Designed and built by Robert Adam in the late 18th century, Culzean Castle sits within a 260 hectare estate that boasts some of the most magnificent gardens in Scotland. The estate of this majestic country castle is enhanced further with 40 buildings and follies hidden throughout the grounds.
The adventure play at Culzean Castle in Ayrshire was built over two years and three key development phases. Designed to work closely with the topography of Culzean Estate, the phasing of the build was planned to allow a series of logical extensions that gradually extended further into the grounds and took the overall scale to be considerably bigger than the existing, rather tired play area.
Our work at Culzean Castle started off with the Adventure Cove, which drew inspiration from the smugglers’ coves beneath Culzean’s towering cliffs. For more insight into the history of Culzean Castle and its fantastic grounds, see our post on the Adventure Cove, the initial phase of play development at Culzean.
In 2016, the Adventure Cove won a Making Spaces Architecture Award. The award was collected on our behalf by Caroline Smith, Culzean Castle's General Manager, at a black tie dinner at Glasgow Royal Concert Hall.
The immediate success of the Adventure Cove went a long way to reversing the fortunes of Culzean as a destination. In an interview with Blooloop, Caroline Smith went on to explain that through the early months after the opening, the new adventure play not only halted the slide in visitor numbers, it actually increased visitors by 12% and memberships also rose by 30%. There was also a corresponding increase in revenue throughout the catering and retail outlets.
After the success of the Adventure Cove, we were commissioned to build a second phase that was to be called the Wild Woodland. This second phase saw us moving into the deep woodland that surrounds the site to expand the adventure play experience for older children and their families. The design cues were inspired by the iconic and historic follies and structures that are hidden throughout the wider Culzean Estate.
The concept for the Wild Woodland featured a far more rustic design than the Adventure Cove, and took its design cues from the existing buildings and landmarks around the grounds. The two areas were joined via a walkway so that the opportunity for adventure play on the site was significantly extended.
The unique design concept for the new adventure play references the weird and wonderful iconic structures of the Culzean Estate, including the Gas House, the Ice House, the Orangery, and the Mast House, as well as impressive ‘Cat Gates’. The design then connects these fantastic features with traditional play elements, from clamber nets and climbing walls to slides and zip wires; the impressive Cat gates become the entrance point to the racing zip wires! Together with the beautiful woodland setting, this gives a great sense of intrepid exploration, as children and families race through the trees, hunting out different routes and secret passages!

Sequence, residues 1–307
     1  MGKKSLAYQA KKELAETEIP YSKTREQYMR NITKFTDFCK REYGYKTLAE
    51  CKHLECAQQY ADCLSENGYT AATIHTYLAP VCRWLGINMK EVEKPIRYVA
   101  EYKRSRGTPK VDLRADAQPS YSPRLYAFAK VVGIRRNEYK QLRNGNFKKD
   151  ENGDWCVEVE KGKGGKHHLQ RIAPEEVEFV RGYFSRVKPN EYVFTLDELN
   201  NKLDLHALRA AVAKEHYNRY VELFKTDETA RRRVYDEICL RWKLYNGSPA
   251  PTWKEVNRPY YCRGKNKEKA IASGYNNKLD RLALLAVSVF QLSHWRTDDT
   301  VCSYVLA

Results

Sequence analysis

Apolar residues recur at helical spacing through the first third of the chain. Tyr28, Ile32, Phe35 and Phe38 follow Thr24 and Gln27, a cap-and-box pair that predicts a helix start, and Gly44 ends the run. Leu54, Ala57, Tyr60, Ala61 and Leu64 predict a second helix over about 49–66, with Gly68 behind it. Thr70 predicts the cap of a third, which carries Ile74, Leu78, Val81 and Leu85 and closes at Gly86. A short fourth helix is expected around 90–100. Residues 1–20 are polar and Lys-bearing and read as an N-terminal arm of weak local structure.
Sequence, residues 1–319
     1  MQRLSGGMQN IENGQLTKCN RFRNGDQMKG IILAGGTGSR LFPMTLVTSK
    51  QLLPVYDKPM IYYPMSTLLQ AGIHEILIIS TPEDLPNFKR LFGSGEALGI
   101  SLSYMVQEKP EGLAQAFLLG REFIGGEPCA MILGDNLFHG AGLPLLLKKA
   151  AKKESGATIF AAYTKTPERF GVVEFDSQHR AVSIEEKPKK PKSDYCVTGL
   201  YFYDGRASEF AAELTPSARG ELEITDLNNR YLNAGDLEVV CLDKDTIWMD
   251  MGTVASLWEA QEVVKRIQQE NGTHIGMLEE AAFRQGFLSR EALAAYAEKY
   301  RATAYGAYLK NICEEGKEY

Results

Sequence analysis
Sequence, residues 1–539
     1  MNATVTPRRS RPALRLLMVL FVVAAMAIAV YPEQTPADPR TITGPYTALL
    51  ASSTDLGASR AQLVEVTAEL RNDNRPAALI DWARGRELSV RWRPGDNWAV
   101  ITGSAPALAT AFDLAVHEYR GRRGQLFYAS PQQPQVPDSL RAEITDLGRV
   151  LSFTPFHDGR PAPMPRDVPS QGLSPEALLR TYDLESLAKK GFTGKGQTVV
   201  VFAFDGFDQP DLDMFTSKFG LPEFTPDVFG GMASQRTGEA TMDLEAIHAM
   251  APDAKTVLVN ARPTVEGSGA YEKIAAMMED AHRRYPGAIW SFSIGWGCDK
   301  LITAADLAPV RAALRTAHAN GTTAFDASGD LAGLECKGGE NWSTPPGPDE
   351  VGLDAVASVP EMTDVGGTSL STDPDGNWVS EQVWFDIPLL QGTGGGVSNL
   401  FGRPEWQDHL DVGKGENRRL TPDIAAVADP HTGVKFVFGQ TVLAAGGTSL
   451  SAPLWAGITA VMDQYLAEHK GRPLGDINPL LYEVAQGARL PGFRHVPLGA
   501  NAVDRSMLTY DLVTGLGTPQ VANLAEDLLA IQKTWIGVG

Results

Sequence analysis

The various phases of the build can be seen on our blog. We started with managing the planning process for National Trust for Scotland. Once planning was approved, we moved onto site for the first stage of the build. This involved plenty of hand carrying of materials into the woodlands. Build progress was very good as we were unusually lucky with the weather. Soon the structures began to stretch through the woodlands to joining up with the Adventure Cove.
As the third phase of play development at Culzean, CAP.Co worked to design and implement a layer of fun and accessible interactive play, to open up the adventure to a broader audience of visitors. We have become increasingly aware of the importance of accessible play. It allows families to play together and ensures that everyone has access to interactive play, whatever their abilities.
Most of this additional play was quite simple, adding a layer of tactile, sensory and harmonic interaction that was fun for all. One of the most popular additional elements at Culzean Castle were the speaking tubes. These connected voices from the top of the Eisenhower Tower, to the more cave-like spaces below, using the same principle as joining two cans together with string as a primitive communication device. These were however so efficient that they allowed voices to travel right across a site with no significant loss of volume.
So here it is, in all its glory. Finished and ready to be enjoyed by families.
For more information about visiting Culzean Castle, see the National Trust for Scotland’s website.